Amazing. I was around 30 years ago, in 1981. By that time I had been in Trailerville 9 years. Since 1972 to now, my own companies have transacted over $1 billion of MH chattel paper, primarily in LLCs. Through repeated head blows I finally came to understand that the above business model does not “work pretty well” for the lender. It might have been good for the community owners, and/or the factory, and perhaps even the homeowner. For the lender, the word “disaster” generally describes the results for 99.90% of all lenders using the business model of 30 years ago. Where is this notion coming from that the model then in existence for MH lenders worked well? Nothing could be further from the truth.

Don’t believe me? Ask Paul Nichols of Vanderbilt Mortgage, or Tim Williams and Rich Ray at 21st Mortgage, or Don Glisson at Triad Financial or Abdul Rajput at USBank, or John Harcher at SACU how that lending model of 30 years ago worked. They were all there, and I could name dozens more. Incredible that people should still believe that statement!

Repos

Oh, and repo costs in land/home deals? Yeah, I’m not really up on that one, either. The fact I spent 8 years as FannieMae’s full time manufactured housing consultant all through the 2000’s as their land/home and modular portfolio rapidly grew, crashed, was fixed and then worked relatively well didn’t prepare me for the kind of problems my correspondent detailed. It all was news to me after working on a multi-billion dollar portfolio of those type loans. Who’d a guessed?

Bromides

Now a whole new group of people are once again proposing many of the same old bromides to highly intractable problems. The greatest fear is not that we may not have possible solutions to our ills, but that even if we screw up the courage to try them, they may not be enough. There is a reason this is all happening, and it has nothing to do with the Aztec calendar.  Forget the cheerleading, analyze industry conditions with an eye for change or we can let it all go wherever it’s meant to go, on its own. And we know it has a running start on that course.  The good news being that even with 1000 annual home shipments, someone may still be doing well. I’m not sure the industry will be prospering, though. # #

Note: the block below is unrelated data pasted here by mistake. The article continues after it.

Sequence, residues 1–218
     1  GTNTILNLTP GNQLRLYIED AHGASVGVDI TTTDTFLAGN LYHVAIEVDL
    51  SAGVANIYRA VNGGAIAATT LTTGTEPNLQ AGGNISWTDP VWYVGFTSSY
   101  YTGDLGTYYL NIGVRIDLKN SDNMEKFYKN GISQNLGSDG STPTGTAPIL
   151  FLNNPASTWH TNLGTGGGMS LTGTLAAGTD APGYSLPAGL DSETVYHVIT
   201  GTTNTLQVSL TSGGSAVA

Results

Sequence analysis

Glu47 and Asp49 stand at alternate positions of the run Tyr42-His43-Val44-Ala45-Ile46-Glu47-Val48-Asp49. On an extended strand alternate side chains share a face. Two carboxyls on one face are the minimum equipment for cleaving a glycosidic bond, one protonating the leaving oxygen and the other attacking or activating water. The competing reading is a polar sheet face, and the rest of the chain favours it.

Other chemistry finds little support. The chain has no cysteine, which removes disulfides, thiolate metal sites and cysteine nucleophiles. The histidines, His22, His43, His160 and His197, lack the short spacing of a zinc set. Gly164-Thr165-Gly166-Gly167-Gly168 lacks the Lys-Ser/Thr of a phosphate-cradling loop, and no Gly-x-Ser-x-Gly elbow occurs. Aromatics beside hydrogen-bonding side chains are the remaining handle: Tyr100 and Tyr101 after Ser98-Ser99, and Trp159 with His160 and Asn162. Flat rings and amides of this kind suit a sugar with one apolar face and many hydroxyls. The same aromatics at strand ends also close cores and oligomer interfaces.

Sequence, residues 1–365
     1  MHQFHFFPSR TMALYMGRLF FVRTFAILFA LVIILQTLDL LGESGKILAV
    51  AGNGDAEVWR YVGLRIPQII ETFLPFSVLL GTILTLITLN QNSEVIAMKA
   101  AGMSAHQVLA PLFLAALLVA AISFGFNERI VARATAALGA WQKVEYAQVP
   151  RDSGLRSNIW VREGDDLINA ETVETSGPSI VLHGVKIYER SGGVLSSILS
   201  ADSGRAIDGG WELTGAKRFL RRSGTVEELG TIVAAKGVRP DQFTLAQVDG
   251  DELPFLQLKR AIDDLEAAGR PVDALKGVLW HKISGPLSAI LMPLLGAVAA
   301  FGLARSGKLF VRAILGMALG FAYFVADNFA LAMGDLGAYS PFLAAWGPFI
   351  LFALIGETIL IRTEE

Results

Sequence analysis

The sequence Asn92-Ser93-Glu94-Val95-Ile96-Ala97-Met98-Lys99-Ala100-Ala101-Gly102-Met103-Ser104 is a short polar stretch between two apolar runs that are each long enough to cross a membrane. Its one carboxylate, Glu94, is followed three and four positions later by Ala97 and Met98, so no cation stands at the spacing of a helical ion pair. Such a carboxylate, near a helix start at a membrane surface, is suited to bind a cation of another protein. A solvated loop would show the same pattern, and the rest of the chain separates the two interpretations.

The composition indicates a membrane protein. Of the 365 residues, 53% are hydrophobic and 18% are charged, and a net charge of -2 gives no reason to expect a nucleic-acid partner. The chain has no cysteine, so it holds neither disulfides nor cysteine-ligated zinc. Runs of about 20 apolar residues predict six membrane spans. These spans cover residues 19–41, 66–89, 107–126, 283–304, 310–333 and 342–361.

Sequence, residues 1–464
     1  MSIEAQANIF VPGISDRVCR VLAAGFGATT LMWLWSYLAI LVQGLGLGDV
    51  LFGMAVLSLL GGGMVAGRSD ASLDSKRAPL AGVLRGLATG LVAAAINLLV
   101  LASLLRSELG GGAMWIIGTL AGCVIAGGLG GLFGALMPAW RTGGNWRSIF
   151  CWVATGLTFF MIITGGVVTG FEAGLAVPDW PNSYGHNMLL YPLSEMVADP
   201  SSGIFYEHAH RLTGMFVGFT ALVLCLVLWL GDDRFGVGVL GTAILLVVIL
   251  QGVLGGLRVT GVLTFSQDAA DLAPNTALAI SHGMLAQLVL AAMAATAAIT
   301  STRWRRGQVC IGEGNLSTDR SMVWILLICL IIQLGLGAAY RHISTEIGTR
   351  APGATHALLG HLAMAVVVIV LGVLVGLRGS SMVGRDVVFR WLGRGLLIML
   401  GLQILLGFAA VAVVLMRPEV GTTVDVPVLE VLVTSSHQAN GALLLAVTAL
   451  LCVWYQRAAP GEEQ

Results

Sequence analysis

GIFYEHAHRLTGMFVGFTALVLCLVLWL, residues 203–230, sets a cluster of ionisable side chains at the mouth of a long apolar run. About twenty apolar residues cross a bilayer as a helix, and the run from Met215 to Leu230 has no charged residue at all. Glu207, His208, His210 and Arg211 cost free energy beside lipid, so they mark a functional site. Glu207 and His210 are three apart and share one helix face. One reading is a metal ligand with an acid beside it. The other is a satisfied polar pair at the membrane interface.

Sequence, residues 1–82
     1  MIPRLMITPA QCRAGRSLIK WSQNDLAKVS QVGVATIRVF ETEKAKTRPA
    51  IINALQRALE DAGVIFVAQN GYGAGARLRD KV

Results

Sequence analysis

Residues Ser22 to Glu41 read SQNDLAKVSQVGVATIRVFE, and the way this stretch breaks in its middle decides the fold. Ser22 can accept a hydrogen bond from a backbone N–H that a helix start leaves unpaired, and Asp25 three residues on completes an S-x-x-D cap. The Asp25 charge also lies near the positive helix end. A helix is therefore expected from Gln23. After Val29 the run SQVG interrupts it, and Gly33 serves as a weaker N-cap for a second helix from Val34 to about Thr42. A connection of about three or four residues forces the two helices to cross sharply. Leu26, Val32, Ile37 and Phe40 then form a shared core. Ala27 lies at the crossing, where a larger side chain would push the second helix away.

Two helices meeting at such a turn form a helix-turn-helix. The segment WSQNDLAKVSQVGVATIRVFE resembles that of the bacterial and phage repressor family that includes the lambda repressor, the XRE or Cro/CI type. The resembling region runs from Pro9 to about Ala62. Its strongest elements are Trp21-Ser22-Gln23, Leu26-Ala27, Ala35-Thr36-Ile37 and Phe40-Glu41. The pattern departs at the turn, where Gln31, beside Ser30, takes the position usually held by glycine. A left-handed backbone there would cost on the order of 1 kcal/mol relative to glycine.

MARTIN V. (MARTY) LAVIN
attorney, consultant, expert witness
practice only in factory built housing
350 Main Street Suite 100
Burlington, Vermont 05401-3413
802-660-9911 802-238-7777 cell
web site: www.martylavin.com
email mhlmvl@aol.com

Editor’s Note: We have again honored the author’s request to post his article “as is.”

If you don’t go forward, you’re not going to go anywhere

May 20th, 2011 2 comments

Marty, thanks for your writing.  You are going where no one wants to go, but should.

I (the bank) have been a manufactured housing lender since 1991.  Not a large one, but neither is the bank I work for (Oxford Bank).  I rarely participate or respond to anyone or anything via the internet; however, Marty Lavin’s commentary interested me.  [See The Train To Oblivion, May 16th.]

Mr. Lavin has identified the brutal facts, but not how to fix them.  Further yet, does anybody really want to fix them?  Everybody  seems to have beaten up and worn down.

I have outlived the Greentrees, Consecos and others that felt booking loans at high rates, extended terms, big fees and huge  volumes was the thing to do.

I am still lending but, only to parks that want to “partner” with us.  Everyone hates bankers right now; hopefully, what I have to say doesn’t make it worse.

Below are a few comments and a few things I have learned in my 20+ years of MH lending.  I am probably getting off the path somewhat, but Marty opened the door for some comments from the lenders side:

  • Rates, of course, are higher than an auto loan.  When you loan money for 20 years at a fixed rate for anything, the bank must protect itself for future increases.
  • Anyone who thinks that the bank makes a huge spread on these loans is just plain ignorant.
  • The park owners control the bank’s destiny, losses and expenses.
    Today’s rates are controlled by losses and expenses, not just cost of funds.
  • Bank regulators do not like MH loans or “Trailers” as they say.
  • A manufactured home is considered personal property and sometimes it’s considered real estate.  If someone wants to hang you – it’s real estate.
  • I believe the parks that do their own financing are building a monster.  Let’s hope they retain a large reserve for losses, understand fair housing and Federal and State compliance laws.  I think they should let the bank be the bank.
    Servicing is expensive; it just increased again with the escrow law.
  • Generally, most parks will sell their own inventory over the bank’s repos, even if the bank pays for advertising.  They will switch the buyer to their home.
  • A big part of the banks’ losses are the parks’ profits.
  • Greentree and some other mega lenders were foolish; high rates and big loan fees do not make good loans.  Worse yet, they would finance the fees.
  • It’s the park’s customer until it becomes a repo; then it becomes the bank’s customer.